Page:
anonymous prompted: Ooooh! Do you think you could maybe do like another army!Blaine since it your other one was so good, but like not in the same ‘verse? Blaine getting back and not telling Kurt and surprising him in a college lecture. Outsider reactions (or POV, actually) would be lovely *u*
Louis Decker isn’t sure if he could tell you anything he learned in Stats 101. Besides being unfairly confusing and a complete waste of his time—the class he’d actually needed for his major had been full, so he’d had to get a filler class that he didn’t care about instead—most of Louis’s time in the lecture hall has been spent paying more attention to the guy sitting next to him.
For the first few weeks in January, they don’t really talk. They’d chosen their seats the very first day, and, like the creatures of habit that humans are, have stayed in them every class period since. By the tail-end of the month Louis learns that the guy’s name is Kurt Hummel (looking discreetly at his papers) and that he’s a Vocal Performance major (he’d actually talked to Kurt one day for that).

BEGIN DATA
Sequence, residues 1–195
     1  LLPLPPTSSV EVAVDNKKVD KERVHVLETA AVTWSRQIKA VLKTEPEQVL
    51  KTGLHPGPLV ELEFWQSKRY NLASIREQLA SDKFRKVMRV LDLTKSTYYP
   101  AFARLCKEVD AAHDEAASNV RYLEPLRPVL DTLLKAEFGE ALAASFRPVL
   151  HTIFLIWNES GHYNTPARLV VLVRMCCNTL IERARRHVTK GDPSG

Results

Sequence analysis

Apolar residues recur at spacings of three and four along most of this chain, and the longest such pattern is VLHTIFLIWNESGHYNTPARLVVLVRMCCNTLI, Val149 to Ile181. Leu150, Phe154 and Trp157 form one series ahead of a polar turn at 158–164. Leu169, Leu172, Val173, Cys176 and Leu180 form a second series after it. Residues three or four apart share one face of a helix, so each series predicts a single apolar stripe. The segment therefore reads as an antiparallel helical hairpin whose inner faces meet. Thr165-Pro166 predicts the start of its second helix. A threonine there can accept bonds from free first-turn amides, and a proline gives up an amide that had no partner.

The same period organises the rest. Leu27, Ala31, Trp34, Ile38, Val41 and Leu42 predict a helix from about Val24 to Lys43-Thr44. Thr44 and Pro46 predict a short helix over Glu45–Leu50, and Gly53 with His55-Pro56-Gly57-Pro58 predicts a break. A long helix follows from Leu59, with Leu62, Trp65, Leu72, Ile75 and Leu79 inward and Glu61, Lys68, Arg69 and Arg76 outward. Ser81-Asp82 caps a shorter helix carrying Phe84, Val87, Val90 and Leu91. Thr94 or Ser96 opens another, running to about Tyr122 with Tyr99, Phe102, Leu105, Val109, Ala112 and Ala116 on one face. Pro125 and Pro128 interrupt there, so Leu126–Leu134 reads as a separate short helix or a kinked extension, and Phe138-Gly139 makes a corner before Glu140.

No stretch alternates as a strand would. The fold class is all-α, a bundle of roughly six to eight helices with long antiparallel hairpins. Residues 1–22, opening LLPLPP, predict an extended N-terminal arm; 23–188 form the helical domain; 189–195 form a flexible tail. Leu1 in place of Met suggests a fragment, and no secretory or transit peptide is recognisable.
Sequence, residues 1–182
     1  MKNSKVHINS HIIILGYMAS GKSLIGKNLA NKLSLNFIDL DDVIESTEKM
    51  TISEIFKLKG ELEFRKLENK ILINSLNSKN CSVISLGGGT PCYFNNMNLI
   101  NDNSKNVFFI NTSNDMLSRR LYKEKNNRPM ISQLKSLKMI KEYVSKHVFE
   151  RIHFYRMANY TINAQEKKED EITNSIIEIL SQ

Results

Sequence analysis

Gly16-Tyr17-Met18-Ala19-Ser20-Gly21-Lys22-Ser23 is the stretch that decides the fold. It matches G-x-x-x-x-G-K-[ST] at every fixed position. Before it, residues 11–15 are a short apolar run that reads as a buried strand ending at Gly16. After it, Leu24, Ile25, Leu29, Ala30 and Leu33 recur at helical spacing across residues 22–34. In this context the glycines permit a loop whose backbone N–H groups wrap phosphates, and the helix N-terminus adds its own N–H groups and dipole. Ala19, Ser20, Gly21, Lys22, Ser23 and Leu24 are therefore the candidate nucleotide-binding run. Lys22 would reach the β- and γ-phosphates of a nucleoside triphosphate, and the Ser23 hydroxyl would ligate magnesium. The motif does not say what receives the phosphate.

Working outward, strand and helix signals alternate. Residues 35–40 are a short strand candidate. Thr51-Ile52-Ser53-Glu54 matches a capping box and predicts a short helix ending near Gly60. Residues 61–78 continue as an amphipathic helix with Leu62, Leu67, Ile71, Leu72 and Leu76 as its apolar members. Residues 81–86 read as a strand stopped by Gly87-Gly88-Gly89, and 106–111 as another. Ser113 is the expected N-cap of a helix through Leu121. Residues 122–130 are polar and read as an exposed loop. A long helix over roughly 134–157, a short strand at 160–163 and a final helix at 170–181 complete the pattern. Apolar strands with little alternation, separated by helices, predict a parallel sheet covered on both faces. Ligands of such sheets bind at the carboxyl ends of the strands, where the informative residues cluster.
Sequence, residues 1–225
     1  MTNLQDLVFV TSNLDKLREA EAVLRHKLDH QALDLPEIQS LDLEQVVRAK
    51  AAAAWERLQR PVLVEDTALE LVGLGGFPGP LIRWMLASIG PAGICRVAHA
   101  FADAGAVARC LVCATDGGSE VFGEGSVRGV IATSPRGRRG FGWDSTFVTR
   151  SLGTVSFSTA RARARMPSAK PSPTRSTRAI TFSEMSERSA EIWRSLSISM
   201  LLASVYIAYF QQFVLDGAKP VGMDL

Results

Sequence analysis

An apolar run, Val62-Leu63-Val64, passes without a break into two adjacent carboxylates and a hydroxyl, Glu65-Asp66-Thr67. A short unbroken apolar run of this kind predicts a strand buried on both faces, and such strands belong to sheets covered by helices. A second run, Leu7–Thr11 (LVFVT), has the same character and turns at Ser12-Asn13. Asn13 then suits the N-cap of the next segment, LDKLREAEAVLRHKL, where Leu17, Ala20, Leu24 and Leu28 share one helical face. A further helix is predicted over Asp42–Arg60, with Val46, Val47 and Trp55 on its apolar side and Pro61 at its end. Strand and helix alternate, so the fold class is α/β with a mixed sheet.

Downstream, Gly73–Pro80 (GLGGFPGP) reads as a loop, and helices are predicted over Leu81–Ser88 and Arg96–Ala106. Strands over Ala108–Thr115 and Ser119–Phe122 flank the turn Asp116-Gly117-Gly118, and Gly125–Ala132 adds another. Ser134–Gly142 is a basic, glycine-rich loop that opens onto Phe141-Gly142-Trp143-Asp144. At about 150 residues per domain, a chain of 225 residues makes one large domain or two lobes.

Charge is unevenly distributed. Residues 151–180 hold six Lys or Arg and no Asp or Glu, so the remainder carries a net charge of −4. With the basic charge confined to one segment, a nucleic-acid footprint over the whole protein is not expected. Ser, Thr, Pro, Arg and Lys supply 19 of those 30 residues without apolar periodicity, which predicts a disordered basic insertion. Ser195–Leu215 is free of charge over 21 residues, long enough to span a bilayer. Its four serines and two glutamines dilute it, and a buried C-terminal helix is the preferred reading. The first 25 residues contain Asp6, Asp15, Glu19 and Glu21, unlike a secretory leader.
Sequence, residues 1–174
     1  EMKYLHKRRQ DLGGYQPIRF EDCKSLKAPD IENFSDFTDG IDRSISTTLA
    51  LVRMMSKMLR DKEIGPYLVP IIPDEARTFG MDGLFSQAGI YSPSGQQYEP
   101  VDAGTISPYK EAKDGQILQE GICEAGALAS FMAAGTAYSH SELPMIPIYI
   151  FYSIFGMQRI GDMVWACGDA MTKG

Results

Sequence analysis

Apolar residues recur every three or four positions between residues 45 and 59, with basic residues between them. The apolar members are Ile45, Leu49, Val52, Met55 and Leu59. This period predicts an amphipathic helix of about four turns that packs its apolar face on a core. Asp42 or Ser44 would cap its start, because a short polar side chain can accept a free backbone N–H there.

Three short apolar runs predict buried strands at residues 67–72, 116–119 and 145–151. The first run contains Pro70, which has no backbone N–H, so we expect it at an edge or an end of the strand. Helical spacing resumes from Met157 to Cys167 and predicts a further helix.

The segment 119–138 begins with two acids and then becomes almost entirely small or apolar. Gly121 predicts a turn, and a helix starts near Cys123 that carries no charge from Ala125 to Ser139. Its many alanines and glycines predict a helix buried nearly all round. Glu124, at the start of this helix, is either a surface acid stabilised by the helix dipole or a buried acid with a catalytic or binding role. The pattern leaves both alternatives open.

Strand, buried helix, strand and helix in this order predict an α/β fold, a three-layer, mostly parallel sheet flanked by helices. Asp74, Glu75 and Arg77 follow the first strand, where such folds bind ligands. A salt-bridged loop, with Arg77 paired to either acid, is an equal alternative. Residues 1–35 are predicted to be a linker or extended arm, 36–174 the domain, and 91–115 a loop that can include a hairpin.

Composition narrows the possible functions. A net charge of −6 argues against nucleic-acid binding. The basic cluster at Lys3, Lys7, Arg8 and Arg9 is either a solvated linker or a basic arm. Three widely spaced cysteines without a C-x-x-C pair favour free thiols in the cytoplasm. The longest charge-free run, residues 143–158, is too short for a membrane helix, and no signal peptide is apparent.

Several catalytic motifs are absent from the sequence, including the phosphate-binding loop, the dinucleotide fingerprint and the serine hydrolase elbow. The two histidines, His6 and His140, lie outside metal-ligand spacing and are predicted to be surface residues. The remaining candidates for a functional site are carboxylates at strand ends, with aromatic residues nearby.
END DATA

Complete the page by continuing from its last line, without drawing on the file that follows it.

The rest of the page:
He learns as January stretches into the early days of February that they’ve both come from small towns in the Midwest, they both like the same movies, and that Kurt has a boyfriend he hasn’t seen in over eight months. Louis doesn’t ask why, but he finally finds out when he sits down at his seat one day and sees Kurt hunched over a piece of paper, pen moving fluidly line after line.
He says nothing, just sits back and gets his notebook out. He sneaks glances at Kurt, sees the determined line between his brows, the determined way he keeps writing, endless words flowing out onto the paper, black and bleeding and cramped. He watches Kurt drop his pen, flex his fingers, and pick it back up again.
Two minutes before class is set to begin, Louis finally caves.
“What’s that?” he asks, as casually as he can without seeing too nosy.
Kurt looks up, cocking his head. He looks back down, like he’d forgotten he was writing, and Louis watches a slow rose blush spread out over Kurt’s cheeks. Kurt ducks his head, his lips twitching into a smile, and says, “I’m writing to Blaine. My boyfriend.”
“The one you haven’t seen in eight months?” Louis asks. He knows it’s a stupid question, but it’s better than just saying oh, okay. He hasn’t heard much about Kurt’s boyfriend, and he’s curious.